We all remember the good ol’ times playing around with Siri, asking her the most random questions and receiving her hilarious answers (try asking Siri what ‘Blade Runner’ is about – and share your reactions in the comments ;)). Nowadays, what may seem like a futuristic lifestyle depicted in sci-fi movies, is actually becoming part of our daily routine – thanks to voice recognition software, or more specifically: voice search. This phenomenon means that you literally don’t need to lift a finger or type words into a search box to get answers from search engines like Google or Bing. You simply ask a question out loud, for example, “what’s the weather like outside?” or “pizza places near me,” and your search engine is sure to have the answer. And voice search, my friends, ain’t no passing craze. Its growing popularity among searchers of all ages and devices signals a lot of change in the way people are looking for things online. This means that search engines will have to adapt. And so will you.
Every business owner or blogger who wants to promote their stunning website needs to understand how voice search is different from traditional search, and what that means for their SEO (Search Engine Optimization). Luckily, you are already aware that you need to improve your ranking in order to get found online. The next step is to stay up to date with the latest trends and adapt accordingly. Thus, bringing up your next question: “OK Google, Siri, Alexa, God? How do I optimize my website for voice search?” You’re in luck as we’re going to show you exactly how to adapt your content to answer voice-activated queries.
Voice search is the fastest growing type of query and there’s no indication of it slowing down anytime soon. While it’s not completely replacing traditional text search, it’s becoming more popular on all devices and is used to gather all sorts of information. Here are some quick stats about voice search that will make you a voice believer:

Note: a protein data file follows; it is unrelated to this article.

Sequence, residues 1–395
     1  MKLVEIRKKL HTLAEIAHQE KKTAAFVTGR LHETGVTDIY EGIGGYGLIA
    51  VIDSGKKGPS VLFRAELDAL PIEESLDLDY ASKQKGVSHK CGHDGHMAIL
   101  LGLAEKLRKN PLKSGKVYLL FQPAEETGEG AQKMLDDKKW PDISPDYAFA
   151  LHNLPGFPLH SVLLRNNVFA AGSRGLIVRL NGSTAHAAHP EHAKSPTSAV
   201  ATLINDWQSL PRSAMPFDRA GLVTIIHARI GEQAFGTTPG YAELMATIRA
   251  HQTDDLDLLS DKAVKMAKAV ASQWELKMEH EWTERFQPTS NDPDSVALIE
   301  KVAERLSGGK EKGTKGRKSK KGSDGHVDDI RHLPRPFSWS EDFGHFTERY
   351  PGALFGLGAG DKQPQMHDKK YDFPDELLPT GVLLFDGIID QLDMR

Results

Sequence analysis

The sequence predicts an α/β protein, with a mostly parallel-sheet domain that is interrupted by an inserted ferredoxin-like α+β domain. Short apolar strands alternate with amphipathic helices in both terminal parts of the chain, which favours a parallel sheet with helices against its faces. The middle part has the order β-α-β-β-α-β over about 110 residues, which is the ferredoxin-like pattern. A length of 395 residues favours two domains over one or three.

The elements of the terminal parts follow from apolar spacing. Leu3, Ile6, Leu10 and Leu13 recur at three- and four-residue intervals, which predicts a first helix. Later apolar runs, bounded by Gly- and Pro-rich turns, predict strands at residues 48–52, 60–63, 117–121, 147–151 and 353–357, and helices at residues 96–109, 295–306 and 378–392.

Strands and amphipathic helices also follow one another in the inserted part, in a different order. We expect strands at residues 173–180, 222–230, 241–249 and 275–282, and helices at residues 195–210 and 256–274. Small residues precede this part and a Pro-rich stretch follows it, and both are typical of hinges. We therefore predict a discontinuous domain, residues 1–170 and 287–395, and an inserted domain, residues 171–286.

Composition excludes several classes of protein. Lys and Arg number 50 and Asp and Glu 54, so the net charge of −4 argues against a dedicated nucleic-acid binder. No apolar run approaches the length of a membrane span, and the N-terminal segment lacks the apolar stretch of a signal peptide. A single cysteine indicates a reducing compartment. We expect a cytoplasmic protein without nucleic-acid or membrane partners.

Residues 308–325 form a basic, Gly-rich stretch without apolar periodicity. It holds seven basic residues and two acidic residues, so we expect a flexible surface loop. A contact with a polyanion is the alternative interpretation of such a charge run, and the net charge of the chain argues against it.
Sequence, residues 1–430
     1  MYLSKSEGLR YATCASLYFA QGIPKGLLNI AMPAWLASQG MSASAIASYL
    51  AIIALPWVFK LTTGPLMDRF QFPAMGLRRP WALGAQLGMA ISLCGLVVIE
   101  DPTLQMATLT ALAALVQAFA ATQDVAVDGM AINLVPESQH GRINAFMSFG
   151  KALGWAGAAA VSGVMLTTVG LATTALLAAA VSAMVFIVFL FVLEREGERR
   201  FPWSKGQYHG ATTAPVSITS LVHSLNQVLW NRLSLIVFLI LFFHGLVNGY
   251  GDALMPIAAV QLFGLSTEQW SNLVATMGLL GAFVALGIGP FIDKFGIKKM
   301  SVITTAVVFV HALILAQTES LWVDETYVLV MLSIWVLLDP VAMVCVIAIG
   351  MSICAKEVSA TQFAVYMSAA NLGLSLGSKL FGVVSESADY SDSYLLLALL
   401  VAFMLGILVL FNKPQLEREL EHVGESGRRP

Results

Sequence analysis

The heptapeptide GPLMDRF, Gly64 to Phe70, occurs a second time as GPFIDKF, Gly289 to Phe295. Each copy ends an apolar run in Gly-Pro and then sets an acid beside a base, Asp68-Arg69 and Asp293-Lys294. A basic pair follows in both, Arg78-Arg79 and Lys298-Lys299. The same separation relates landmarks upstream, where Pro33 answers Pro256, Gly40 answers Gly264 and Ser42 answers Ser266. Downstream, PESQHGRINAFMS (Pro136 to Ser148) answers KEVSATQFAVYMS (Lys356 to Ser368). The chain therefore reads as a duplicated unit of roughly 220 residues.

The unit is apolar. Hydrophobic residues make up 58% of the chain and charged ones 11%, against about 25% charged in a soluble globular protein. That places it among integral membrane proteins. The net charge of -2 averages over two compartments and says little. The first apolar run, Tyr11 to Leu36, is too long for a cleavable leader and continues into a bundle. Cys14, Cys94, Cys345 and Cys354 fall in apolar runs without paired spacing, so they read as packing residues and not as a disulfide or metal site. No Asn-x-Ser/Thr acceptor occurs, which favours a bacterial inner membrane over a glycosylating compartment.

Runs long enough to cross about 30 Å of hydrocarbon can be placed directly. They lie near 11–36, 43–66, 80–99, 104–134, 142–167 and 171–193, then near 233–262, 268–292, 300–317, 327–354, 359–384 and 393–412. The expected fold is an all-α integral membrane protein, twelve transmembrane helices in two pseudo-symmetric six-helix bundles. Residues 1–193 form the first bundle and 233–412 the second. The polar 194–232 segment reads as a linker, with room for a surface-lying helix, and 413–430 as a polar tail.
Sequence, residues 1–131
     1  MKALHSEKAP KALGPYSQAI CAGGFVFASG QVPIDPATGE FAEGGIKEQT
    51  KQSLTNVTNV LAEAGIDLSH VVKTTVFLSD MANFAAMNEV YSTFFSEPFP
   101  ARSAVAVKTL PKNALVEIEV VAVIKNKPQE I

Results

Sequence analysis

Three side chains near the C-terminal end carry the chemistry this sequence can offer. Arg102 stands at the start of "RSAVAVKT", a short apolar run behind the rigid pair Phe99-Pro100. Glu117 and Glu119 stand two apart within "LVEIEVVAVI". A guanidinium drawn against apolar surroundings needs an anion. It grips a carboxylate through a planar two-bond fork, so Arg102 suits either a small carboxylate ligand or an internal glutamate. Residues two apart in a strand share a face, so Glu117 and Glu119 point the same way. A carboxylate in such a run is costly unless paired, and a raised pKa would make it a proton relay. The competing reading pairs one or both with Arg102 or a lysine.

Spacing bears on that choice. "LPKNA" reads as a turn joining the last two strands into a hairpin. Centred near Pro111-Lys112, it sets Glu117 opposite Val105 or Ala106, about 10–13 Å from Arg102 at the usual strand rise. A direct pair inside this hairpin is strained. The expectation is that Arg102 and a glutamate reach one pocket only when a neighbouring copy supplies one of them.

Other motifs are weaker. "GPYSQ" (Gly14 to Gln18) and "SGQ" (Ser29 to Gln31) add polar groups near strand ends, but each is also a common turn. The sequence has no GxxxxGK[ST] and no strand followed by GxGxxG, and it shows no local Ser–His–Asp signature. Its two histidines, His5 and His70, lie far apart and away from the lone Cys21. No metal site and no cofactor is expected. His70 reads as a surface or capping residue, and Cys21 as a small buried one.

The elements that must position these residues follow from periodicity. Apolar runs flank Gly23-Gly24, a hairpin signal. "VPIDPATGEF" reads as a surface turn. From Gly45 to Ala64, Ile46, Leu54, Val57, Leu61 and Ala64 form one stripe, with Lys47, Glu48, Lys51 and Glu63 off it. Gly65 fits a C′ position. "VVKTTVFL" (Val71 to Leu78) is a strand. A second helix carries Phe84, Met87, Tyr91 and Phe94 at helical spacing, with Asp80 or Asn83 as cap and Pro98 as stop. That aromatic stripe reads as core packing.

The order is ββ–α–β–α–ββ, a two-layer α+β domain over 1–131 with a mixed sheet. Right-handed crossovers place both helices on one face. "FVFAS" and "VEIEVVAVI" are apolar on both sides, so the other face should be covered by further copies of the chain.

Now that we’ve accepted that we live in Minority Report – let’s move on, shall we?
There are several factors that influence this popularity explosion of voice search. The introduction of home speakers like the Amazon Alexa and the Google Home is, of course, part of this trend. I mean, who doesn’t want an AI (artificial intelligence) device acting as a personal assistant in the comfort of your own smart home? But beyond this, people are increasingly using voice search from their phones and tablets.
And the benefits are clear. Since people speak quicker than they write, voice search is often faster and more convenient than typing in a search box. Plus, many users feel that it allows them to get more accurate results, as they can speak longer and ask more specific questions. For multitasking addicts, voice search also offers a great way to search while doing something else, such as reading your newspaper, watching Game of Thrones (yeah, right) or cooking dinner. Last but not least, studies show that for some users, voice search is attractive simply because it’s perceived of as ‘cool.’
That last benefit of voice search – the coolness element – might be a larger contributing factor for younger users than it is for older generations. Teens are the largest group of voice-searchers. It makes sense. In addition to being the most adaptable market, teens just love to talk. In younger crowds, asking your phone or tablet questions in a social setting is completely acceptable. According to the Google Blog, more than 50% of teenagers aged 13 -18 use voice search every single day. That means, as this younger generation gets older, voice search will only become more popular.
But voice search offers particular benefits to older web surfers as well. For people who find it challenging to read text on a tiny mobile screen, voice search can be a lifesaver. Older users often find it far easier to speak their query than to try and type it using the small letters on their phone. Voice search also offers an attractive alternative for anyone with vision problems, regardless of their age.
Voice search is growing and it’s not just Google and Co. who need to pay attention. The increase in voice searches is significant for every business owner with a website. Since the way people search by voice is different than the way they type in queries, improving SEO for your website now requires understanding how people search by voice. We’ve gathered the main characteristics and will break them down for you so that you know how to tackle every one of them: